Important Information for Proposers

A revised version of the NSF Proposal & Award Policies & Procedures Guide (PAPPG) (NSF 22-1), is effective for proposals submitted, or due, on or after October 4, 2021. Please be advised that, depending on the specified due date, the guidelines contained in NSF 22-1 may apply to proposals submitted in response to this funding opportunity.

Dear Colleague Letter

Stimulating Integrative Research in Computational Cognition (CompCog)


Encourages the submission of interdisciplinary proposals that explore computational models of human cognition, perception and communication and facilitate dialogue across the cognitive and computational communities.

Dear Colleague:

The National Science Foundation (NSF) supports fundamental research that is collaborative between the computer and information science and engineering (CISE) and the social, behavioral and economic sciences (SBE) fields. This research empowers our Nation to address great challenges and seize transformative opportunities. Through scientific advances and subsequent applications of these advances, research jointly supported by NSF's CISE and SBE Directorates spurs innovation, creates jobs, strengthens security and preparedness, and improves quality of life for people across the country and around the world. One research area of mutual interest is computational cognition. This Dear Colleague Letter (DCL) is intended to enhance the scientific and societal impact of the field by encouraging active dialogue across the cognitive and computational communities, facilitating bidirectional cross-fertilization of ideas and nurturing emerging areas of multidisciplinary research.

The National Science Foundation (NSF) is interested in receiving proposals to existing programs, listed below, that explore computational models of human cognition, perception, and communication and that integrate considerations and findings across disciplines. Proposals submitted to programs in the Directorate for Social, Behavioral and Economic Sciences (SBE) should include a rigorous computational context, and proposals submitted to programs in the Directorate for Computer and Information Science and Engineering (CISE) should include a rigorous cognitive context. For example, proposals that explore human cognition, perception, action, communication or learning should integrate and exploit what has been learned in the fields of artificial intelligence, natural language processing, computational neuroscience, computer vision, robotics, machine learning, human-computer interaction, data analytics or other related areas. Similarly, proposals that explore artificial systems, co-robotics, affective computing, human-AI and human-automation interaction, extended reality, visualization and related topics should leverage and integrate understanding of human cognition, perception, action control, linguistics or developmental science. These computational cognition (CompCog) proposals should be synergistic with the approaches of the participating programs to which the proposals are submitted and must contain clear research components as described by those programs’ solicitations or program descriptions; if they do not, they may be returned without review.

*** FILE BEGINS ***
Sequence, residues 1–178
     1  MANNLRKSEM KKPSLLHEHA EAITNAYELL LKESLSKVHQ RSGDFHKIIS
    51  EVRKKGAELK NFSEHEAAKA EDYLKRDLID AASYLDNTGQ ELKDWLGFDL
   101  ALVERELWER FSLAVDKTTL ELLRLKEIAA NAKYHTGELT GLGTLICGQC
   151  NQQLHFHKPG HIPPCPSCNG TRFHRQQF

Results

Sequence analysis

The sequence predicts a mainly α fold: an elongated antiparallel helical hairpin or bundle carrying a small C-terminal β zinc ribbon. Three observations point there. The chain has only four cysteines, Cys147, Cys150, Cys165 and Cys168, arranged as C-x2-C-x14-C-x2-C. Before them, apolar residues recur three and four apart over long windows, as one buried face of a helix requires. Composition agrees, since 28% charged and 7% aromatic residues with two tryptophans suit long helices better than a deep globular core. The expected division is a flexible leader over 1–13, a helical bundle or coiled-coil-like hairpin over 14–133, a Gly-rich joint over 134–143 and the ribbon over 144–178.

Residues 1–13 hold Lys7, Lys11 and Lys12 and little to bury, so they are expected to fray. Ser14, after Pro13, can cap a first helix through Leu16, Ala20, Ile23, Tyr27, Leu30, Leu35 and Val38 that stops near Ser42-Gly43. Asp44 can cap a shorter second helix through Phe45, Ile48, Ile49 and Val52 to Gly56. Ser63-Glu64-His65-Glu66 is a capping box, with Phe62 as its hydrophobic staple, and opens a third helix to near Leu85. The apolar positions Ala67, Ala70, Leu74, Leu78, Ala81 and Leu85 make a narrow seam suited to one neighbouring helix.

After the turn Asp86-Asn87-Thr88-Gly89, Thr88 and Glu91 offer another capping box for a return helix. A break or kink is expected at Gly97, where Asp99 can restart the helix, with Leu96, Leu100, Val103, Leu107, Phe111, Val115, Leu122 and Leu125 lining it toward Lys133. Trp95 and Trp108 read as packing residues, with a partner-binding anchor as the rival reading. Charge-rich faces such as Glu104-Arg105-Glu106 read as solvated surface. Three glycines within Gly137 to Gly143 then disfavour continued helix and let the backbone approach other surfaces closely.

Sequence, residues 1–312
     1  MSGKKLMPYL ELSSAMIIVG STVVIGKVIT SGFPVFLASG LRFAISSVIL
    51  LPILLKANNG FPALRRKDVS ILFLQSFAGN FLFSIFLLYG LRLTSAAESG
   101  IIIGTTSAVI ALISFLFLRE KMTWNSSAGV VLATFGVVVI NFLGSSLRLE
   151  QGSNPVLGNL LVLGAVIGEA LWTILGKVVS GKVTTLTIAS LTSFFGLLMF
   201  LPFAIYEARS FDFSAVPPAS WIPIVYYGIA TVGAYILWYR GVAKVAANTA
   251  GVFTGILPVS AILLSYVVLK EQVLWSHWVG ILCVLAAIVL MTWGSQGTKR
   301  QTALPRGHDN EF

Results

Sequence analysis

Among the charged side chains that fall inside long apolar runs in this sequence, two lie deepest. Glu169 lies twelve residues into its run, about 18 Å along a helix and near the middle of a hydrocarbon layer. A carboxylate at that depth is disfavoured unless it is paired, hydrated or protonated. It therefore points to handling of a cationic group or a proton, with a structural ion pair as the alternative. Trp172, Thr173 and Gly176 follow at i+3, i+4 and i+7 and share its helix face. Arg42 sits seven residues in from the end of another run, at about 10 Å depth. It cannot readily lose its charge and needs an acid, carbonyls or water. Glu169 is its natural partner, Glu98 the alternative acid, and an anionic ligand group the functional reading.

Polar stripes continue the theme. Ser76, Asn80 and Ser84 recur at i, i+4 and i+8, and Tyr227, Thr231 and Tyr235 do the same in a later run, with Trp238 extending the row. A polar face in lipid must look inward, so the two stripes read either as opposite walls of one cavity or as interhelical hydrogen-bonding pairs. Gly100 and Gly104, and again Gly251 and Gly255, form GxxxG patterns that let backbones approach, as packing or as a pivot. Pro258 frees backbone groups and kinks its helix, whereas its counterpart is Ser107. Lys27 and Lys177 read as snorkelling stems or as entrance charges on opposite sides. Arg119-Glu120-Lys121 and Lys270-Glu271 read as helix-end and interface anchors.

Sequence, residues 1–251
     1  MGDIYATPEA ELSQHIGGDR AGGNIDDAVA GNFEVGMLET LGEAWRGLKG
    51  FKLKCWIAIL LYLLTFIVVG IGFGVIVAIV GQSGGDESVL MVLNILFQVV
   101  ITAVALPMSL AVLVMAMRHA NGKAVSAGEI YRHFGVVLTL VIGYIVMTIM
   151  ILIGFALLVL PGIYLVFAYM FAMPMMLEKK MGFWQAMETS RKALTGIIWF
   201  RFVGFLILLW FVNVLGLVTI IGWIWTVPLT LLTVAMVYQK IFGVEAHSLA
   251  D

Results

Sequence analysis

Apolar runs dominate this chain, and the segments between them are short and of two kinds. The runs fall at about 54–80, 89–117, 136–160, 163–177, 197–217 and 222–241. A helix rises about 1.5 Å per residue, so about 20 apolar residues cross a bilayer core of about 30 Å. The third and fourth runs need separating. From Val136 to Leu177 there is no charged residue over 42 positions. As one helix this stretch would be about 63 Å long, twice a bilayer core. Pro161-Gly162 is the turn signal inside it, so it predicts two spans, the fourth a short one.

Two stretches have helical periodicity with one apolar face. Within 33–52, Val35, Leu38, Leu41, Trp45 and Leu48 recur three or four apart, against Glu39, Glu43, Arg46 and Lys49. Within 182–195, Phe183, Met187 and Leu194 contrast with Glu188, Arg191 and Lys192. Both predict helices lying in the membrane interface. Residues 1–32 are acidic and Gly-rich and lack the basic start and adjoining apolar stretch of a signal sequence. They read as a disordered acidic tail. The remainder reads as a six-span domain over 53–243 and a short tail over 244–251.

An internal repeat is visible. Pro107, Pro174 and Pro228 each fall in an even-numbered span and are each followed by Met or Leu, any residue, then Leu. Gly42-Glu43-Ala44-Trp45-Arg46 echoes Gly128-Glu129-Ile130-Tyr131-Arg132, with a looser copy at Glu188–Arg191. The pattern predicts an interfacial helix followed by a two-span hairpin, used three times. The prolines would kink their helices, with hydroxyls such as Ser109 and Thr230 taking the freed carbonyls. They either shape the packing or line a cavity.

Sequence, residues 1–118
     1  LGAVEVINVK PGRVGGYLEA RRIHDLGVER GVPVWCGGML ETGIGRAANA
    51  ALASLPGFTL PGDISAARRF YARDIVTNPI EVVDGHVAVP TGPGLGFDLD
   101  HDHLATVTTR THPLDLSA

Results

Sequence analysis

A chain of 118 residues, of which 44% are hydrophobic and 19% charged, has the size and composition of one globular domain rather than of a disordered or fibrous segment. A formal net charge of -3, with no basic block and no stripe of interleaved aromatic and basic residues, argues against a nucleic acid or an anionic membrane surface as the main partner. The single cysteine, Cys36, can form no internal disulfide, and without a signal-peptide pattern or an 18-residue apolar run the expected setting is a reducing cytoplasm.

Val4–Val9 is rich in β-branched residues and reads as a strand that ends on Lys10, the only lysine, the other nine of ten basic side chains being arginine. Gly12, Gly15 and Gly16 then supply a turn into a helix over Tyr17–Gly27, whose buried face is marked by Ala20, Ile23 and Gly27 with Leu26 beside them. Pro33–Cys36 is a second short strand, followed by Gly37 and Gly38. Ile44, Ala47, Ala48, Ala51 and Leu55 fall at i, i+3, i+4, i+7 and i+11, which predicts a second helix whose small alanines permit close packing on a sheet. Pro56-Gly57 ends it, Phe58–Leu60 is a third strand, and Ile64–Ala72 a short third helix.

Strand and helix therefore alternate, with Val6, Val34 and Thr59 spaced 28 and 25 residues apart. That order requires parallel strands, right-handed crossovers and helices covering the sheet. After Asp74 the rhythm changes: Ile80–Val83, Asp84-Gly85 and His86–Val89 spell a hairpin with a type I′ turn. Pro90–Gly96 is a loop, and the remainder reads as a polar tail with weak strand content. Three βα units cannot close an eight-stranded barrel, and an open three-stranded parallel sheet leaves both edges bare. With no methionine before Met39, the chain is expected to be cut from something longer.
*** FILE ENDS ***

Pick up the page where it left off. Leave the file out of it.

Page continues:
This is not a special competition or new program. A proposal in response to this Dear Colleague Letter must meet the requirements and deadlines of the program to which it is submitted but should start the proposal title with “CompCog:”. Primary and secondary units of consideration on the cover sheet should indicate which participating SBE and CISE programs are most relevant. These proposals may, at the discretion of the cognizant program director, be reviewed in a special cross-directorate Computational Cognition panel that will occur sometime during the spring.

Participating programs in SBE include:

Participating programs in CISE include:

Questions concerning this Dear Colleague Letter should be directed to the e-mail alias CompCog@nsf.gov.

Sincerely,

Kellina Craig Henderson
Acting Assistant Director
Directorate for Social, Behavioral, and Economic Sciences

Margaret Martonosi
Assistant Director
Directorate for Computer and Information Science and Engineering